In 14th Century Languedoc, after a century of persecution drove the Believers underground, a revival of the Cathar heresy gains a foothold in the mountain villages of the County of Foix. As it sweeps around the region, two men leave their homes and families and become embroiled in the forbidden faith.
Based on Inquisition records archived for nearly 700 years in the Vatican, this is a fictionalised account of the epic, true story of these two men, Pierre Maury (Pedro, the shepherd) and Guillaume Belibaste (Guy), who was fated to become the last of the Cathar Holy Men (Perfects).
As the Inquisition launch a brutal campaign against them, the men must again leave their loved ones and seek safety across the border in Aragon. As many Perfects are burned alive and friends and family are arrested, can Guy and Pedro stay safe? And can their faith and their friendship survive as the Inquisition become closer and ever more brutal?
Susan Kaberry lives in Manchester with her husband and two miniature dachshunds. She began writing fiction when she retired after working in the NHS for most of her life. Her first Cathar novel was The Chatelaine of Montaillou, also based on Jacques Fournier’s records. She has also written a memoir Britannia Street under her maiden name of Beth Cox.
My thoughts: based on records by Bishop Jacques Fournier, about the interrogation and torture of Pedro Maury and Guy Belibaste, Cathars and Good Men or Perfects, this is the story of how two ordinary men became important figures in what was called The Heresy, for which thousands of people were killed in the Middle Ages.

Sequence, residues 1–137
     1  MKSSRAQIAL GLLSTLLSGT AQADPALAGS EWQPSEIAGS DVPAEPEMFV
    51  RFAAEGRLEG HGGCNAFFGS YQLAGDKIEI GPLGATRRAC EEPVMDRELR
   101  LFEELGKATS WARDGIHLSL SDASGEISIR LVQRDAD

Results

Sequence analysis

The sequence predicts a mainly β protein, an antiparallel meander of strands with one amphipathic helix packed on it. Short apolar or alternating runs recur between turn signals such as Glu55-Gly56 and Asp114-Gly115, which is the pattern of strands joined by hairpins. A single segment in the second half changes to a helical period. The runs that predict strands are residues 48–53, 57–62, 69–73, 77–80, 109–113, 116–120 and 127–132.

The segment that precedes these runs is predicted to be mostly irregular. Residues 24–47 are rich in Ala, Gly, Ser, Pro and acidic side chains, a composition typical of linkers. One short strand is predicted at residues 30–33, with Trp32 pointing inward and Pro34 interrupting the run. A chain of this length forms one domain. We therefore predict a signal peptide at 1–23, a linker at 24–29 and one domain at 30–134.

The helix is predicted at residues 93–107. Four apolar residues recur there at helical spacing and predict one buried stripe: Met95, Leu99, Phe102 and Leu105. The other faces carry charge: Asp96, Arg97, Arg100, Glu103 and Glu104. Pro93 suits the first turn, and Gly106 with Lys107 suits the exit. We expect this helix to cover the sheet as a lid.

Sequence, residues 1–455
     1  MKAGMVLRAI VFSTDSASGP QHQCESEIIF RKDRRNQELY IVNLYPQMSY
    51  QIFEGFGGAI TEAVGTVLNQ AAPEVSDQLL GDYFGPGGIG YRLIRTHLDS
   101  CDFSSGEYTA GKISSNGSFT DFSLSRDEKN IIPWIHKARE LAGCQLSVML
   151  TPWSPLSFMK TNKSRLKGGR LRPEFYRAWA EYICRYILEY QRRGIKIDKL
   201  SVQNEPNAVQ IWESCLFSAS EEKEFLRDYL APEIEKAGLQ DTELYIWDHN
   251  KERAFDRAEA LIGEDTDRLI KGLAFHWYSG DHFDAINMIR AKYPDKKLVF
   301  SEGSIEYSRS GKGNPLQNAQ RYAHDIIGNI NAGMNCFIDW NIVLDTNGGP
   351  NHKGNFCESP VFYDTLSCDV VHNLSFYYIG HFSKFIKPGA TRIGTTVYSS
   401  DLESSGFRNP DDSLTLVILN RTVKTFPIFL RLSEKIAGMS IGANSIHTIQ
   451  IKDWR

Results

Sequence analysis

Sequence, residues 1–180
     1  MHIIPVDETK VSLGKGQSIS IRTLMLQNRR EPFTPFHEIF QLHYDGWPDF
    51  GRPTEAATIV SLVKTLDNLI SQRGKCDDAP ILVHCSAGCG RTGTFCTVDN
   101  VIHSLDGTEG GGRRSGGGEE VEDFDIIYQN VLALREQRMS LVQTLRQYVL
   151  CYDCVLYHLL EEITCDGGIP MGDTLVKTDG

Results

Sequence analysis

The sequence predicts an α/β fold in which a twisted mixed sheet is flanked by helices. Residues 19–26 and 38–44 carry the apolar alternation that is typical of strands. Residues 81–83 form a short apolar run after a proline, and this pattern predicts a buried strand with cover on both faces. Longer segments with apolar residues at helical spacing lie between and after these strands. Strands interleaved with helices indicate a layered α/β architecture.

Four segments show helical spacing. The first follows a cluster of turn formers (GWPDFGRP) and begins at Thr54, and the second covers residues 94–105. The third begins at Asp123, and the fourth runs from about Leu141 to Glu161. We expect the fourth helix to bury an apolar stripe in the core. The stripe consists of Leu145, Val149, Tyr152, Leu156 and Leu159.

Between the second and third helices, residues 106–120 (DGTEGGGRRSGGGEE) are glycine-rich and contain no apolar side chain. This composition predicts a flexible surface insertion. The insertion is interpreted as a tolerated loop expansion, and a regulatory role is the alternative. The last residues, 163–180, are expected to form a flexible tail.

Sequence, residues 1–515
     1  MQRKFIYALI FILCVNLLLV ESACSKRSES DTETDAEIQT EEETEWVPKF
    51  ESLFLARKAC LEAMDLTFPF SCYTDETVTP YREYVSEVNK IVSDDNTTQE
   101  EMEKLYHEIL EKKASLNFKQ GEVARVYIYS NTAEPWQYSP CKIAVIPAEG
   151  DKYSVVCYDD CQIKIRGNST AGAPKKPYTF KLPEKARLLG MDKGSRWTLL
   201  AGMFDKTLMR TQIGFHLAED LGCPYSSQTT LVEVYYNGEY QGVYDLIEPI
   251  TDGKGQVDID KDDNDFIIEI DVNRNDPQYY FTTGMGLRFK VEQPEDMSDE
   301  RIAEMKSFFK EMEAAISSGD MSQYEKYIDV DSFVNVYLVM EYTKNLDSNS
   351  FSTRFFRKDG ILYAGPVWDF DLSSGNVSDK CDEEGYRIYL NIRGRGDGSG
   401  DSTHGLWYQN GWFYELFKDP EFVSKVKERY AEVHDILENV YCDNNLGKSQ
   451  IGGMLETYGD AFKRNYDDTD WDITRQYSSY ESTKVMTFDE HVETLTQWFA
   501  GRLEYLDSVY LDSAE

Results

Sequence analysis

Pedro is a shepherd, working for his wealthier cousin Raymond when he is inducted into the secret faith of the Cathars, while Guy was raised in the beliefs. The religion was forced underground following the massacre at Beziers and incarceration at Carcassonne of many more. But Good Men or Perfects, as the leaders were called, still travelled to speak to believers, and Pedro and Guy become the last two. Their lives must have been shrouded in secrecy and fear.
The book tells of their attempts to live quietly and not attract the attention of the Catholic Church, while preaching to their flock and carrying out the duties of their office. Sadly they are betrayed by a man they thought was trustworthy and subjected to the offices of the Inquisition.
Based on the testimony of Pedro (Guy’s unfortunately has been lost) recorded by Fournier, this story about faith and strength, even to the cruellest of ends – Pedro is imprisoned, Guy burnt at the stake as a heretic, is moving and tragic.
*I was kindly gifted a copy of this book in exchange for taking part in the blog tour but all opinions remain my own.